When Columbia Records came to record and release the original Broadway cast album of Frank Loesser's 1956 musical The Most Happy Fella, the company opted to present the show as a whole in a three-LP box set, an unusually lavish treatment that emphasized its near-operatic character. Four years later, The Most Happy Fella finally crossed the Atlantic to open successfully in London's West End on April 21, 1960, and HMV Records contented itself with a conventional single-disc LP, which is given an unlicensed reissue here by Sepia Records 50 years later. While necessarily less complete than its predecessor, the album gives another good account of Loesser's ambitious work. Unlike many British versions of musicals set in America, it is not plagued by bad American accents, and its performers are assured and comfortable in their portrayals. But then, some of them were quite experienced by 1960. New Zealander Inia Te Wiata, in the title role of Italian immigrant wine grower Tony, had been a replacement for Robert Weede in the same part on Broadway in 1957. Art Lund, as Joe, the carefree and careless cowboy, had created the part on Broadway in 1956. Certainly, the listener does not get the full sense of the show that the Broadway album provides, but all the big songs are here, including "Standing on the Corner," "Joey, Joey, Joey," and "Big D," and all are performed well. Sepia adds eight bonus tracks, which consist of contemporary 1960 British recordings of the songs. The King Brothers' Top Five U.K. hit version of "Standing on the Corner" is followed by a pop version of "My Heart Is So Full of You" by Te Wiata. Then comes what annotator Rexton S. Bunnett diplomatically describes as "an interesting alternative" to Te Wiata in the form of six tracks by Edmund Hockridge. Hockridge was a transplanted Canadian baritone who specialized in appearing in West End productions of Broadway musicals, a sort of Commonwealth equivalent of John Raitt or Gordon MacRae. He has one of those big, booming voices, and he doesn't bother with the heavy Italian accent affected by stage Tonys, which can be odd, such as when he sings "Happy to Make Your Acquaintance," which is intended to be a duet in which Tony is instructed in English, as a solo and without any apparent difficulty in pronunciation. Interesting, indeed.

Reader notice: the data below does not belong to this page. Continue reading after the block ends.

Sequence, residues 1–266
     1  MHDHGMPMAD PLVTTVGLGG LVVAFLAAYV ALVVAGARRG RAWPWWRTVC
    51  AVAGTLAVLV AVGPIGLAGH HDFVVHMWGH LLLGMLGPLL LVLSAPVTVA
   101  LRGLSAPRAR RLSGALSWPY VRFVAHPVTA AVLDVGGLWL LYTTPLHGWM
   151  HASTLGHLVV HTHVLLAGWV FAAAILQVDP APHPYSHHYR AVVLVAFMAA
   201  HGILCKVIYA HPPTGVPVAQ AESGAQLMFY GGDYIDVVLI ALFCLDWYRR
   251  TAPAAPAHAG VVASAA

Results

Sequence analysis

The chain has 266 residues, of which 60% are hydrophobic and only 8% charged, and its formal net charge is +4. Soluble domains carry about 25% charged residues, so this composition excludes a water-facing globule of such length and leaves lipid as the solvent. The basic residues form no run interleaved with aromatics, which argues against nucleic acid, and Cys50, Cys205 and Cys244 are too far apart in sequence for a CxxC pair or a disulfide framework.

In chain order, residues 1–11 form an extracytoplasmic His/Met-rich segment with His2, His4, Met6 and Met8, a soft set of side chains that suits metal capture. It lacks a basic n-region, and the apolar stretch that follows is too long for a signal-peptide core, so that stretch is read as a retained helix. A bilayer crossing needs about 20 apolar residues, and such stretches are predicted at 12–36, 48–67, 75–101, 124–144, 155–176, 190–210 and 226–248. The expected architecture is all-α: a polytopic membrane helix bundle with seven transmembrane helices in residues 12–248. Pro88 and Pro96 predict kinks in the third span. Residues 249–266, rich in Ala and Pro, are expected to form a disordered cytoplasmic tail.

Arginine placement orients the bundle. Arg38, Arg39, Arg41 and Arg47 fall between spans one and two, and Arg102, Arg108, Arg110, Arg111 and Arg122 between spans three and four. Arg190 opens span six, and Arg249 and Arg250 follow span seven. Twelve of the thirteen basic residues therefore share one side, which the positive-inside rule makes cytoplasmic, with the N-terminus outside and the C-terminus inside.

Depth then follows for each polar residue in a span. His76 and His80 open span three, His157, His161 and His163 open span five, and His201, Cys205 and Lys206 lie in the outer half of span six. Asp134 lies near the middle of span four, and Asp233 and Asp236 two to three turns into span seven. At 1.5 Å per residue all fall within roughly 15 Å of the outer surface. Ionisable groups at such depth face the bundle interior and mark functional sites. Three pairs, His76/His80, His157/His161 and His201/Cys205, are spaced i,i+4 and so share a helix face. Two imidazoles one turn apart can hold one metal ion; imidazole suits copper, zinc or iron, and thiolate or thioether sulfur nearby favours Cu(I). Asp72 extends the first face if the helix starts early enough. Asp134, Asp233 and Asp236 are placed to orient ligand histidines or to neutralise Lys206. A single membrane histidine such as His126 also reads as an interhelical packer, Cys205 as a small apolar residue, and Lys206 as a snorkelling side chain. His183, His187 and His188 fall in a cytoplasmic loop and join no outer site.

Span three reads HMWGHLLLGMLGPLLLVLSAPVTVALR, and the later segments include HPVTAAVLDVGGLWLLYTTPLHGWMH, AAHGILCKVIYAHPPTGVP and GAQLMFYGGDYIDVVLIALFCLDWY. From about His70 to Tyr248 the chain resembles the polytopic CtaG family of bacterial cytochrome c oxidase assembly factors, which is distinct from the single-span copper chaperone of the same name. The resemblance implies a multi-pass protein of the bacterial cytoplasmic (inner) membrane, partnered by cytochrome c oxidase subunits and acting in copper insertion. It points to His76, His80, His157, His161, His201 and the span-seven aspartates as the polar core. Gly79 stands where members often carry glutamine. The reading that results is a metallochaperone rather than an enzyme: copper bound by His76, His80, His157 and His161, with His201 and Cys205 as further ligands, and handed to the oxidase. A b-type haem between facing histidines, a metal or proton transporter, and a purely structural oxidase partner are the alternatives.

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AllMusic Review by William Ruhlmann
|The Most Happy Fella|